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That's roughly how a want ad for the ATP CEO's job might read, but we know the reality lurking beneath the gloss. Let's translate:
Wanted: CEO for a fragmented international business consisting of cutthroat rivals who always seek their self-interests. Senior employees might be intractable and exacting, and often at cross-purposes. Must be willing to travel incessantly and wait for hours in hotel lobbies and restaurant. Must possess a thick skin for absorbing withering criticism from staff and workers. Perks include entrance to Wimbledon player lounge during rain delays.
Now that's more like it. If you're hoping some new messiah will emerge to bring bliss to the ATP and tennis fans worldwide, I have news for you: It ain't gonna happen. That's because no hard-charging boy wonder (or corporate veteran) would want this job. As Etienne de Villiers learned, the ATP tribe is a restless one, constantly bickering and feuding. It is more inclined to burning its leaders at the stake than to adopting the discipline of a highly trained work force that will march toward a better future in lockstep.
There's no point in blaming anyone in particular for this state of affairs, either. The way the pro tour evolved, it simply doesn't lend itself to producing -- or tolerating -- a leader who is either sufficiently inspirational or, more importantly, sufficiently powerful to impose his or her will or vision. The job of the ATP CEO is that of a head negotiator between various constituents that are partners one moment, rivals the next. Basically, it's thankless work.
The ATP could find a contemporary version of Pete Rozelle, hire him tomorrow, and still nothing much would come of it. That's because the game exists in a perpetual state of gridlock. Every tournament is a business unto itself (with attendant rights), and so is every player. Some of the most basic and obvious strategies for improving a business -- downsizing, reducing labor costs, cutting (or increasing) hours of operations, boosting efficiency while holding down costs -- simply aren't available to the ATP CEO. Just look at what it took to deal with the Hamburg-Madrid situation earlier this year.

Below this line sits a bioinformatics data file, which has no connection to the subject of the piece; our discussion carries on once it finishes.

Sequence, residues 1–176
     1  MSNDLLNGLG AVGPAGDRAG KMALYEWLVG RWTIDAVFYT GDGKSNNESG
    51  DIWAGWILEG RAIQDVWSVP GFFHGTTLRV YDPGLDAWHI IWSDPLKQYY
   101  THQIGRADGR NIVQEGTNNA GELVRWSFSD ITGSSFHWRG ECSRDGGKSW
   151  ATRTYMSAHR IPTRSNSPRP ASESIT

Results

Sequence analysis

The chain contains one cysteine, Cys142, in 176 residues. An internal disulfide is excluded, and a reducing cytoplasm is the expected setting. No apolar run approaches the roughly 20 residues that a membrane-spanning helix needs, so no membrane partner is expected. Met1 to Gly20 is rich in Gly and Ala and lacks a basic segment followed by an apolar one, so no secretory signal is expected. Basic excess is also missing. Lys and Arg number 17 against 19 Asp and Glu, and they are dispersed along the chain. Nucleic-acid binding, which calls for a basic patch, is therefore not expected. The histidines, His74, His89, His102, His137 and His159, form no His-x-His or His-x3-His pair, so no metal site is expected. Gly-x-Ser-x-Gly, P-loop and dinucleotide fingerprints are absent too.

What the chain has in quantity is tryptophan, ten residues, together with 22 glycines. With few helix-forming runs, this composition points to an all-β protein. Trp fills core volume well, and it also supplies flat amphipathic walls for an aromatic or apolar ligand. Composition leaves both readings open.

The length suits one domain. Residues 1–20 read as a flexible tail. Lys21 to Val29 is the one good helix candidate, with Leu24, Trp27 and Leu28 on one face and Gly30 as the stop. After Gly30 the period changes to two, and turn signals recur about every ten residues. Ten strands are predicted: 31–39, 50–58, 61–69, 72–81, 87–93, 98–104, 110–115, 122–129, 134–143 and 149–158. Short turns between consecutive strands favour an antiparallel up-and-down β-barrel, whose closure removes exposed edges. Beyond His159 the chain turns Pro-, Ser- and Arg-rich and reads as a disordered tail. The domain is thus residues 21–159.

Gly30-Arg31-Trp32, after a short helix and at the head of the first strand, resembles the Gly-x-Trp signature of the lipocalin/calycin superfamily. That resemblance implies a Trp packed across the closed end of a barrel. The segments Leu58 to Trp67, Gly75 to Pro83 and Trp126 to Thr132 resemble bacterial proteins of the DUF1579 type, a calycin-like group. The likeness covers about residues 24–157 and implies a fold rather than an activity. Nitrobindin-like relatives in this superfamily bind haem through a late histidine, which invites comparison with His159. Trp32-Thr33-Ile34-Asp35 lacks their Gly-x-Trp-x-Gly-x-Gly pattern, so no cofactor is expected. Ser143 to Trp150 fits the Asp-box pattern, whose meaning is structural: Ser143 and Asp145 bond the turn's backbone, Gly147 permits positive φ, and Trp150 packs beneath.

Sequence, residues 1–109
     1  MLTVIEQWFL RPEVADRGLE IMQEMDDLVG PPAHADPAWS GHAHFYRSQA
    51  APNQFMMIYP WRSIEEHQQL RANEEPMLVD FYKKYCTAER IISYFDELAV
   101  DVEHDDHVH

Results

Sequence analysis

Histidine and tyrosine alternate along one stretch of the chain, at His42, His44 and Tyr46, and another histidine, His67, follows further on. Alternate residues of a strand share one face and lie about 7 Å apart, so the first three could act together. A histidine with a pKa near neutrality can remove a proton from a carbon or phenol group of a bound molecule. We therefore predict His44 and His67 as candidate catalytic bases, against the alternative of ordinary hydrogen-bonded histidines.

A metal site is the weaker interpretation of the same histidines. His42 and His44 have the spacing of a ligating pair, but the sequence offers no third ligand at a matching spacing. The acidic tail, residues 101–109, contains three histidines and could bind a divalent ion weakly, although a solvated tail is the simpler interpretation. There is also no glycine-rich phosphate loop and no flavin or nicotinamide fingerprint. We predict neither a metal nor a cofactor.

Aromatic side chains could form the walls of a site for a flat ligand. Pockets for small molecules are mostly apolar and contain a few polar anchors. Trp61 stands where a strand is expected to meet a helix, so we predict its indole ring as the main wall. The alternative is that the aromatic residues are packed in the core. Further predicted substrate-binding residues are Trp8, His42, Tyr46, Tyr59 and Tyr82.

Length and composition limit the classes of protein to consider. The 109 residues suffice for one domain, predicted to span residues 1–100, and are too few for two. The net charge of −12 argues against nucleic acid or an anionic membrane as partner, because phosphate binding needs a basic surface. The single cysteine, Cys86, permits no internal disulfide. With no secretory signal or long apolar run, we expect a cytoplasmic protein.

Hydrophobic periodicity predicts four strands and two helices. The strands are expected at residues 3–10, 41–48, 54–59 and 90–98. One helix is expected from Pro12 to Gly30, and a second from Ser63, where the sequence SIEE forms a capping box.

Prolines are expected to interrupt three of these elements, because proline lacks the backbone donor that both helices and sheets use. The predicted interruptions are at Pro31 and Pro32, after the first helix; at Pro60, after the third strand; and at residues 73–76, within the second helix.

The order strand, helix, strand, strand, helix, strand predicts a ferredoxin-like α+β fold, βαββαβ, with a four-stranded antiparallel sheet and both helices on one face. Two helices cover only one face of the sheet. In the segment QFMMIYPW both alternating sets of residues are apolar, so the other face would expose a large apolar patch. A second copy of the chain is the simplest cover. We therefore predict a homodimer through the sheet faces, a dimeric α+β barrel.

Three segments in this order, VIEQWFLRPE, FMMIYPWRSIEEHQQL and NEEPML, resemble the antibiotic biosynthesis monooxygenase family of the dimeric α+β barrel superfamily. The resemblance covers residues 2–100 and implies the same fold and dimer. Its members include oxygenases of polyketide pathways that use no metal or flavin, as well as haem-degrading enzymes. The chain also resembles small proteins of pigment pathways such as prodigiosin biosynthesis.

Like many CEOs, the ATP head honcho answers to a board of directors. But in the case of tennis, that board consists of employees (the players) and representatives of tournaments whose own stake might be imperiled by the kind of maneuverings that a successful CEO might undertake. Thus, the CEO becomes a figurehead whose hands are bound.
I'm predicting that the ATP won't hire a strong visionary leader, because I'm not sure any person who fits that description would want the job. The next CEO will be an "insider" who is most acceptable as a negotiator among self-interested parties. Let's be frank about this: It's a job for an I-dotter and a T-crosser, not a visionary.